Surgical Aesthetics

JAN-FEB 2014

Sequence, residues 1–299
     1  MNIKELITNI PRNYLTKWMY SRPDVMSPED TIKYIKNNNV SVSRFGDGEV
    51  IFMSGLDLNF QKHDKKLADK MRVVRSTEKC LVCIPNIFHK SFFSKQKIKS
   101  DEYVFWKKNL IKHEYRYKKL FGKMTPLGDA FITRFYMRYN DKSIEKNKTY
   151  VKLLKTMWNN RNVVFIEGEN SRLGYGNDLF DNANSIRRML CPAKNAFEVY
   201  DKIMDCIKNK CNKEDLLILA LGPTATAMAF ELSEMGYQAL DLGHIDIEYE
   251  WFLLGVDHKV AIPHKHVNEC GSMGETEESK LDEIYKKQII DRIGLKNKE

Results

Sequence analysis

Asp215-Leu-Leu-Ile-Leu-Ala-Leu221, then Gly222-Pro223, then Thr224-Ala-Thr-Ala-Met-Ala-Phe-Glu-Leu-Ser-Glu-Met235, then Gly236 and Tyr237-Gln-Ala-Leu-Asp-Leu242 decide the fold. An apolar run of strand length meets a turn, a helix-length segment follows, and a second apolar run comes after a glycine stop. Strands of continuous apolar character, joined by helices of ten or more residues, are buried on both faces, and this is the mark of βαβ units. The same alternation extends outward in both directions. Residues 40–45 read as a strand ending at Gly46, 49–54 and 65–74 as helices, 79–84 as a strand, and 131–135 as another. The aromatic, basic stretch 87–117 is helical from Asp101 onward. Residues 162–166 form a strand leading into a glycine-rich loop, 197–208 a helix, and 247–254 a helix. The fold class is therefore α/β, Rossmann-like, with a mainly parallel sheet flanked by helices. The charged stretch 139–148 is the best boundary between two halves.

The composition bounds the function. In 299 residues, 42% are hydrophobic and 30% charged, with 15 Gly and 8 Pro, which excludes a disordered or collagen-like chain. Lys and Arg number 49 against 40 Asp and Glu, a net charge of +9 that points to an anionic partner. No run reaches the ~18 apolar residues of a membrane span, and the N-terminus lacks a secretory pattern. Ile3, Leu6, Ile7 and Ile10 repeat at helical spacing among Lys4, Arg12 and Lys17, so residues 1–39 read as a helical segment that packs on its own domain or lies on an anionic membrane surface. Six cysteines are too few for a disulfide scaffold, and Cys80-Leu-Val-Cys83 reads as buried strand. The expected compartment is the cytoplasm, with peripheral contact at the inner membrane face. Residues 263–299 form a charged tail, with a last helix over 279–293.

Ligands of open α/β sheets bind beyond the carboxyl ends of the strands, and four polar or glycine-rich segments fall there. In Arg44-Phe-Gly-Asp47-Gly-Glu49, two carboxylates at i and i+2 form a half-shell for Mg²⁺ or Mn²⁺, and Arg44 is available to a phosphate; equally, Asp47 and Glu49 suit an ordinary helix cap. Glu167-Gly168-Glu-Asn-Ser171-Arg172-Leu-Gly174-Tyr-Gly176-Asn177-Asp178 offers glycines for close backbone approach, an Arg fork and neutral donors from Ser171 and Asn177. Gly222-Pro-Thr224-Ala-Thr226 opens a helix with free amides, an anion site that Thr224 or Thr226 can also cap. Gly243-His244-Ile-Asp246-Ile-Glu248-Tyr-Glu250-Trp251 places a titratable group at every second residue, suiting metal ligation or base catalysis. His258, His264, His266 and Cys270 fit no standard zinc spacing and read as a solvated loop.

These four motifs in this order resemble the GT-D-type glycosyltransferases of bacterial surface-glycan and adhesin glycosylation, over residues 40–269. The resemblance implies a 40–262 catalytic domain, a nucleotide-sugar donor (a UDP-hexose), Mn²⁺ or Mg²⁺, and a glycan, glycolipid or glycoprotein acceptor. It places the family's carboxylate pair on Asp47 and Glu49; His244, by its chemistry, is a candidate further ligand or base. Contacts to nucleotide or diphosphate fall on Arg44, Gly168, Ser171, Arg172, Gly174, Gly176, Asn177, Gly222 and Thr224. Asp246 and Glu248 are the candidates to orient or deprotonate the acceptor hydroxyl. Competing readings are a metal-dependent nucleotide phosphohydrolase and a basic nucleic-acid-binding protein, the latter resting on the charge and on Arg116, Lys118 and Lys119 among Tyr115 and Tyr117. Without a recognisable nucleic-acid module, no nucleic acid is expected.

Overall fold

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| Clear Expectations | responsibility and needs in each division to accomplish the tasks required." Lewis advocates updating job descriptions whenever new regulations come into play or a practice changes, whether through new staff members or reorganization of management. She also recommends having every employee and the practice operator sign off on them. The task of creating job descriptions for every employee can be daunting. To help practices get started, medical societies and professional associations often offer templates that can be customized to a practice's individual needs. (See "Resources" on page 27.) Practice management consultants can also help practices develop these materials. Typically, these professionals will make an on-site visit to observe the practice at work and then help the managers develop written job descriptions and protocols, says Shorr. Developing Protocols When it comes to documenting protocols for practice operations and procedures, no detail is too small. "You need to write it down," Shorr says. "You need a protocol that says if a lens on a goggle gets broken, it gets thrown away. It doesn't get glued back on." In one case, he developed a protocol for a 28 Surgical Aesthetics ❘ January/February 2014 "Without protocols, there is no way to train people or counsel them on how to improve." "It is important for the doctor to get involved at some point in the process," says Dr. Taub. "If things start to go amiss, and you don't know what's happening in your own practice—you will have problems." Conversely, when physicians and their practice management teams are able to clearly communicate each job function and provide protocols to help employees achieve their objectives, practices can devote more of their time to delivering topnotch patient care and developing new strategies for continued success. ❖ Annemarie Mannion is a Chicago-based freelance writer. © ISTOCKPHOTO.COM Job descriptions help practices in the hiring process by pinpointing the skills and expertise required for the position. practice that was consistently being hampered when oxygen tanks ran low. It specified that tanks needed to be refilled whenever they reached a certain psi, and assigned the responsibility of monitoring and having the tanks refilled to one specific employee. When it comes to patient care, Dr. Taub notes that having written protocols creates consistency in both delivery and outcomes. They also make training easier. "Without protocols, there is no way to train people or counsel them on how to improve," says Dr. Schlessinger. But, creating protocols is only the first step. Once they are written, practices must decide who will monitor employees to make sure the protocols are being followed. In many practices, these duties fall to the office manager, nurse or medical director. "What gets measured gets managed, and what gets managed gets measured," says Shorr. "You can put all the protocols you want in place, but you also need to decide who's going to manage them for you." While who writes—and manages—the job descriptions and protocols may vary from practice to practice, the physician and practice manager should be knowledgeable about all of the employees' roles: from whose job it is to turn on the lights in the morning to who checks inventory.

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